Category: Human Rights

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Christianity and the Nagasaki Crime

The U.S. explosion of a nuclear bomb over Nagasaki, Japan, on Aug. 9, 1945.

Two of warfare’s great crimes were inflicted when the United States dropped atomic bombs on Hiroshima and Nagasaki, killing hundreds of thousands of civilians and in the bitterest of ironies wiping out Nagasaki’s Christian community which had survived long-term Japanese…

‘Paint-balling’ the Presidents

The "paintballed" mural in the Adams Morgan neighborhood of Washington, D.C.

In arguing for peace with Iran, President Obama noted he had waged war in seven countries, an admission that if made by, say, Vladimir Putin would have set off tirades, but underscores how routinely violent U.S. presidents have become, a…

Why Many Muslims Hate the West

An image of a Crusader killing a Muslim.

Exclusive: Many Americans and Westerners are baffled by the violent rage expressed by many Muslims, but the reasons for their anger are real, deriving from a “deep history” of anti-Islamic wars and colonial exploitation of the Middle East, as ex-U.S.…

How US Allies Aid Al Qaeda in Syria

President and Mrs. Obama disembark from Air Force One at King Khalid International Airport in Riyadh on Jan. 27, 2015, for a state visit to Saudi Arabia. (Official White House Photo by Pete Souza)

Exclusive: The dirty secret about the Obama administration’s “regime change” strategy in Syria is that it amounts to a de facto alliance with Al Qaeda’s Nusra Front which is driving toward a possible victory with direct and indirect aid from…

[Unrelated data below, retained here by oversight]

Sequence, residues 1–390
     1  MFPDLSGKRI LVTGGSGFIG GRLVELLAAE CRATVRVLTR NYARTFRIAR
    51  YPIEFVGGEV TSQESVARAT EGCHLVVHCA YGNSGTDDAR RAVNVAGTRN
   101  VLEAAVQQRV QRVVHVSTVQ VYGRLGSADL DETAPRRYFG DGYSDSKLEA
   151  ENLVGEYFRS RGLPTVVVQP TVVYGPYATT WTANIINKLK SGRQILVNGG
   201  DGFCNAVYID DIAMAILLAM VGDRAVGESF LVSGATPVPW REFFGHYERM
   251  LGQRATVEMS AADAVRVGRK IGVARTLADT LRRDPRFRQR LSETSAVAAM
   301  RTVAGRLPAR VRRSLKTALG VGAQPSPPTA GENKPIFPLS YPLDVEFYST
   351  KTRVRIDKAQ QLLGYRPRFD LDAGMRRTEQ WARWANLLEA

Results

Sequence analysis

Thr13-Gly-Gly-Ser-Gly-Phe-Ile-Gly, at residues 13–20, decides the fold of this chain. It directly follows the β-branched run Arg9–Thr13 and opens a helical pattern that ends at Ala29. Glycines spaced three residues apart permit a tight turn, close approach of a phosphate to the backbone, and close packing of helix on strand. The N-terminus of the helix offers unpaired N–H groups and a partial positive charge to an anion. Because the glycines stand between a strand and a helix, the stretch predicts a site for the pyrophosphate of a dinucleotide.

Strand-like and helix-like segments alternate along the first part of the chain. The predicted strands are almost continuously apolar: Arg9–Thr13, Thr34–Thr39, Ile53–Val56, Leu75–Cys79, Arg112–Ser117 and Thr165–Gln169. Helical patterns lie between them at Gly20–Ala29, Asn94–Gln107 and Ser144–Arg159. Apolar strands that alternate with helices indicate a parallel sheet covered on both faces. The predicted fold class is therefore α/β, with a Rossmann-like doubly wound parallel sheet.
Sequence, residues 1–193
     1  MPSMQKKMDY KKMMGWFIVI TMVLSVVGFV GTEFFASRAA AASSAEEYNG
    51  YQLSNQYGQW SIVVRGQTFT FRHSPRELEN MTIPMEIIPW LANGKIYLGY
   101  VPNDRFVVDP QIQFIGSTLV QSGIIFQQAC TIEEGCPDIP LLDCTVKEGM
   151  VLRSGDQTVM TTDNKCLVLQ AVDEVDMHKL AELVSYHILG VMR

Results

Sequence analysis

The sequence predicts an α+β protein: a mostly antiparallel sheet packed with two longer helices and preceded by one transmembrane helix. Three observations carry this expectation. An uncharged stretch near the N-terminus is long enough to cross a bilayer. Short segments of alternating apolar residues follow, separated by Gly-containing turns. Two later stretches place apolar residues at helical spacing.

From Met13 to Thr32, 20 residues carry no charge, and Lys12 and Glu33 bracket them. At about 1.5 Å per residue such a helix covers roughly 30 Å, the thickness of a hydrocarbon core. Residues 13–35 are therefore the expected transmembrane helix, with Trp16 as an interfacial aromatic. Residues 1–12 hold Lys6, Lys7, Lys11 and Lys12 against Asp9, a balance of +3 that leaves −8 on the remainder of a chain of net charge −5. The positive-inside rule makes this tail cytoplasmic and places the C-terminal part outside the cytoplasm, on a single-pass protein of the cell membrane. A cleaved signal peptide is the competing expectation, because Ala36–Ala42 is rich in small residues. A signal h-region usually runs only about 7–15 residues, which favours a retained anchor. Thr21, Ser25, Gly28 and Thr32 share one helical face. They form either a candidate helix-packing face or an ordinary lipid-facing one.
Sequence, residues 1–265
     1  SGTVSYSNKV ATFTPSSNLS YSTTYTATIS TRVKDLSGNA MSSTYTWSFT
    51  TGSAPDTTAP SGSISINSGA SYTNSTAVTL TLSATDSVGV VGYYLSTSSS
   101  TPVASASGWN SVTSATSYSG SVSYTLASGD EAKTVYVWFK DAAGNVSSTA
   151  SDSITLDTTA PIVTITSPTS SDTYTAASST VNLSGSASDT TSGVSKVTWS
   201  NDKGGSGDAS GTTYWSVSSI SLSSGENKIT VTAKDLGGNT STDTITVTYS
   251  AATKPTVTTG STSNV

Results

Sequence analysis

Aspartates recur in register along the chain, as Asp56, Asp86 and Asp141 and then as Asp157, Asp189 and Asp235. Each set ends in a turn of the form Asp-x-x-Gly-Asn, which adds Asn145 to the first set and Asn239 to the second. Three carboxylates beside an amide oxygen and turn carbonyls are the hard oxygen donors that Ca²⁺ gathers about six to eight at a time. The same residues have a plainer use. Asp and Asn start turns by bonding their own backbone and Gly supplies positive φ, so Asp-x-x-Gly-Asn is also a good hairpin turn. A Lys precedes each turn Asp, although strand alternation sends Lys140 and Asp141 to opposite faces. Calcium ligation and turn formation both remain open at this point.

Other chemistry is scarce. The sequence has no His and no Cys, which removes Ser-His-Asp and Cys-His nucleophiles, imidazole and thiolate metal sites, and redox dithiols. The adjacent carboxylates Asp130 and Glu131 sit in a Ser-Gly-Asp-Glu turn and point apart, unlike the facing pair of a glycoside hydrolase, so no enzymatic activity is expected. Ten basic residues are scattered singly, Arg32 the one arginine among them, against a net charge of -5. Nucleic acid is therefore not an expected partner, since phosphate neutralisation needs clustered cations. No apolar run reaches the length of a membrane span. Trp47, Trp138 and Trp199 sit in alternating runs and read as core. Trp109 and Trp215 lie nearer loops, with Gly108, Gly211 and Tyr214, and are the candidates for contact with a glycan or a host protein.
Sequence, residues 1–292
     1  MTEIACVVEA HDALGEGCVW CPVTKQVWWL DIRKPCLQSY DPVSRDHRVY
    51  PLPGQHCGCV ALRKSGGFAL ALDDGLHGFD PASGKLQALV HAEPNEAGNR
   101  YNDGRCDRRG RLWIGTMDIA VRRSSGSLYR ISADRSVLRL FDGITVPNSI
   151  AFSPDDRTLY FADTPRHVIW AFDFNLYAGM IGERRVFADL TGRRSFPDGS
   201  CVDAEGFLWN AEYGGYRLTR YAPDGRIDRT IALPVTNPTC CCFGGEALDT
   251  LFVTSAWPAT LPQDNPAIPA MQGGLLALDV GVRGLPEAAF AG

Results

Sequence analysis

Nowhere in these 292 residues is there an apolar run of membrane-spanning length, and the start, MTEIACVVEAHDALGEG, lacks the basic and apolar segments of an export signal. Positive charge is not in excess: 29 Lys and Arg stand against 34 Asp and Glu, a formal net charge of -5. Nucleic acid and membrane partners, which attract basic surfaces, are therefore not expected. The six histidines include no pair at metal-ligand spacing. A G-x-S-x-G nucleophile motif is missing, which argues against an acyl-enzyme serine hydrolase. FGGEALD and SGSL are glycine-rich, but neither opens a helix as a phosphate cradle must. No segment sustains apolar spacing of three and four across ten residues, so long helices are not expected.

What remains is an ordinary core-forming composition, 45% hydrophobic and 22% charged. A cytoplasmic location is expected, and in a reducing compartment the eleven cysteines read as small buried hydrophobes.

Reporter Wins Fifth Amendment Case

The first ten amendments to the U.S. Constitution, known as the Bill of Rights.

The U.S. government’s recurring threats to prosecute journalists who receive classified documents may have created an avenue for some reporters to evade testimony at least in civil cases by asserting a Fifth Amendment privilege against self-incrimination, says Marcy Wheeler.

Confronting a Very Dark Chapter

The mushroom cloud from the atomic bomb dropped on Hiroshima, Japan, on Aug. 6, 1945.

This week marks the 70th anniversary of a very dark chapter of human history, the U.S. incineration of tens of thousands of Japanese civilians by dropping atomic bombs on Hiroshima and Nagasaki, a war crime that has been rationalized in…

The ‘Two Minutes Hate’ of Tom Brady

New England Patriot quarterback Tom Brady.

Exclusive: New England Patriots quarterback Tom Brady may lose his day in court since the NFL maneuvered “Deflategate” into a corporate-friendly venue in Manhattan possibly sparing the NFL from explaining why rival owners were allowed to intervene to push harsh penalties for Brady and the…

Nuclear War’s Unlearned Lessons

A nuclear test detonation carried out in Nevada on April 18, 1953.

The upcoming 70th anniversary of the U.S. nuclear destruction of Hiroshima and Nagasaki is a fitting moment for the world to contemplate the dangers from the continuation of nuclear arsenals and the cavalier attitude that many countries take toward geopolitical crises,…

Kafka-like Persecution of Julian Assange

WikiLeaks founder Julian Assange at a media conference in Copenhagen, Denmark. (Photo credit: New Media Days / Peter Erichsen)

In an era when powerful institutions demonize decent people and the mainstream media joins in, piling on the abuse legal proceedings have become another Kafka-esque weapon of coercion. Few cases are more troubling than the persecution of WikiLeaks founder Julian…

A Clash Over Whose Lives Matter

Afghan children await school supplies from Allied forces at Sozo School in Kabul. (French navy photo by Master Petty Officer Valverde)

A Twitter clash has broken out between people favoring #BlackLivesMatter or #AllLivesMatter, both protesting U.S. police violence against Americans but failing to take into account the hundreds of thousands of lives lost to the U.S. military as self-appointed global policeman, says Sam…